Tessa stated, “He does test me…all the time. But, despite his antics, when I’m particularly stressed or upset, he’s always the one that makes me laugh.” I stated, “Commonly, the family mascot’s motives are fueled by an age-appropriate self-centeredness mixed with a bit of genuine altruism.” Tessa stated, “Something that does worry me about Levi, though, is that while he does very well in school, he has extremely high expectations for himself. He wants to be the best at everything…from basketball to his science fair projects…”
I stated, “You may want to make sure that Levi doesn’t set demands on himself that he can’t reasonably meet. Like Anna, Levi may have realized that succeeding in activities that adults value are ways of garnering parental attention. I have a friend who’s a pediatrician, and he has an autistic brother. Part of his entire reason for going to medical school was to get his parents’ attention, even though it wasn’t something he particularly liked.”
Do you have a Levi? How has he or she tried to get his or her parents’ attention? How does he or she find a sense of identity?
Tessa stated, “Ariel seems terribly depressed, which is a scary thing to see in a 7-year-old. She stays in her room all the time and builds forts out of her blankets and chairs…but she’s always alone.”
I stated, “Ariel seems like she wants to build a wall between herself and her autistic sibling, Eric. She may be at risk for developing a clinical depression as she gets older, if no effort is made to draw her out. Withdrawn children are often younger siblings, children who have never had a period of development where they have been the primary focus of their parent’s attention. Mostly these are children who would never have been the most gregarious children anyway; the kind of children who are slow to warm up in a new situation. With the added stress of minimally available parenting, they can psychologically ‘give up.’”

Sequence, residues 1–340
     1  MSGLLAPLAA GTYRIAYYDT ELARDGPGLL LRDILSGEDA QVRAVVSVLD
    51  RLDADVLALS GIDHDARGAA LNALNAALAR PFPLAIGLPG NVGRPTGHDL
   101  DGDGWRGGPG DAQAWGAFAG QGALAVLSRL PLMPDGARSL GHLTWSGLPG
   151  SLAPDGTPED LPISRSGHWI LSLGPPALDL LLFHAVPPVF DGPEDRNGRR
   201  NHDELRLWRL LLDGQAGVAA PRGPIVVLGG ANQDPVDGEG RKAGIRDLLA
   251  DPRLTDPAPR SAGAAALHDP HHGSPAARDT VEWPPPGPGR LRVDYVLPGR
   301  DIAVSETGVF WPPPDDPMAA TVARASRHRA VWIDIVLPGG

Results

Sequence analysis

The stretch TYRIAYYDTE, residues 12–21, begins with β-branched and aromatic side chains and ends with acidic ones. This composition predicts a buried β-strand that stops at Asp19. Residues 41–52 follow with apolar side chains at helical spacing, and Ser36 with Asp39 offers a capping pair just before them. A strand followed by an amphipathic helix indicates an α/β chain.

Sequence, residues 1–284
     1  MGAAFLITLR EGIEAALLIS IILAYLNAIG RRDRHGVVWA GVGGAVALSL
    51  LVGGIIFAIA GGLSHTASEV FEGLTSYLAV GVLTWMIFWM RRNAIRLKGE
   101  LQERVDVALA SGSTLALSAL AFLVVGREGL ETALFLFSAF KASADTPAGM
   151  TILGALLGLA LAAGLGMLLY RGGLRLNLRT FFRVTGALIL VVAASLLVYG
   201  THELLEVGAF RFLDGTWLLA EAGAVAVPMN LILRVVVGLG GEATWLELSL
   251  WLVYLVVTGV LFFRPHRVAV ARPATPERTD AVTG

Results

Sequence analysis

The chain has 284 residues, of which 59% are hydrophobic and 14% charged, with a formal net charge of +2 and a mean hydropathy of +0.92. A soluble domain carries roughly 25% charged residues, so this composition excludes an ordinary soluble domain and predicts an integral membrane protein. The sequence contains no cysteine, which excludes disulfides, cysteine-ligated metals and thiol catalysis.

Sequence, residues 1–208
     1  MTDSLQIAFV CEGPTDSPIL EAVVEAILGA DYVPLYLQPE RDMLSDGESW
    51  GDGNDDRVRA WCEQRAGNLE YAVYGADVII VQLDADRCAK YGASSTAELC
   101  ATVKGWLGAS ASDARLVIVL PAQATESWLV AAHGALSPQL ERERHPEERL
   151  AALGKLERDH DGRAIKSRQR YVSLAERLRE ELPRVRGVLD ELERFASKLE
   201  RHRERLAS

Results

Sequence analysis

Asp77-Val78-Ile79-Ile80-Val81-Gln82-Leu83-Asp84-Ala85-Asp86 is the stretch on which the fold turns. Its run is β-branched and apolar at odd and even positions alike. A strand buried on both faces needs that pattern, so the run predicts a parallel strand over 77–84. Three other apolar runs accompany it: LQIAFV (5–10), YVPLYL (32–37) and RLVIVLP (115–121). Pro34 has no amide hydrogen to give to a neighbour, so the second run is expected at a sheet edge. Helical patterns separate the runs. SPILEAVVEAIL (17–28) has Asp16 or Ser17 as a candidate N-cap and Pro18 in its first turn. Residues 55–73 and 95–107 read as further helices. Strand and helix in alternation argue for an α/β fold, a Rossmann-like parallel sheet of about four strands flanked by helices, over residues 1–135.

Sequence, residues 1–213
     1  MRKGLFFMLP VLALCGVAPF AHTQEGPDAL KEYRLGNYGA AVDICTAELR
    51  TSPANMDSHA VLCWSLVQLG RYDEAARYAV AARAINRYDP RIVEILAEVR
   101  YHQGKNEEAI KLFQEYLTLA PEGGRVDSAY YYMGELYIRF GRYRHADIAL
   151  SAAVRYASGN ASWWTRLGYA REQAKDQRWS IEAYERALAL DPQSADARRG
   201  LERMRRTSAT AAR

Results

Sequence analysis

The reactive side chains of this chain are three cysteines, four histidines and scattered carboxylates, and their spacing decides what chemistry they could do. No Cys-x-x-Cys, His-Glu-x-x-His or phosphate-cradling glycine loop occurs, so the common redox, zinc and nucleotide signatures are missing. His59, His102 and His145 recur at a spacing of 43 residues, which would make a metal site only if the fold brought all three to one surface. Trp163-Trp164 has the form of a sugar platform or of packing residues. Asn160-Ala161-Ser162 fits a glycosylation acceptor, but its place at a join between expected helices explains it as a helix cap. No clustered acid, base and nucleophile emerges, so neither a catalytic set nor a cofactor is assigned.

Tessa stated, “Do you think Ariel will need her own therapy regularly?” I stated, “You may want to look into it. Of all the sibling coping mechanisms, a withdrawn child is the most likely to benefit from a one-on-one relationship with a therapist that is just for him or her, and where Eric doesn’t have to be included, or can be gradually included as Ariel learns to understand and master her own feelings.” Tessa stated, “I should probably try to make individual time with her a priority too…”
I stated, “Every so often, you may want to take Ariel out somewhere where she can choose the destination and activities. Even if you just take Ariel with you to the grocery store, having an opportunity for her to make choices that positively affect other family members can help restore a sense of self-worth, and a sense that she really exists psychologically as an important family member and not just as an appendage.”
Do you have an Ariel? Is he or she clinically depressed? How might he or she be drawn out? Would your Ariel benefit from hearing this track?
On this track, we discussed parenting siblings. These included the parentified child, the family mascot and the withdrawn child.
On the next track, we will discuss Taking a Break. This will include dates and support groups.
Online Continuing Education QUESTION 6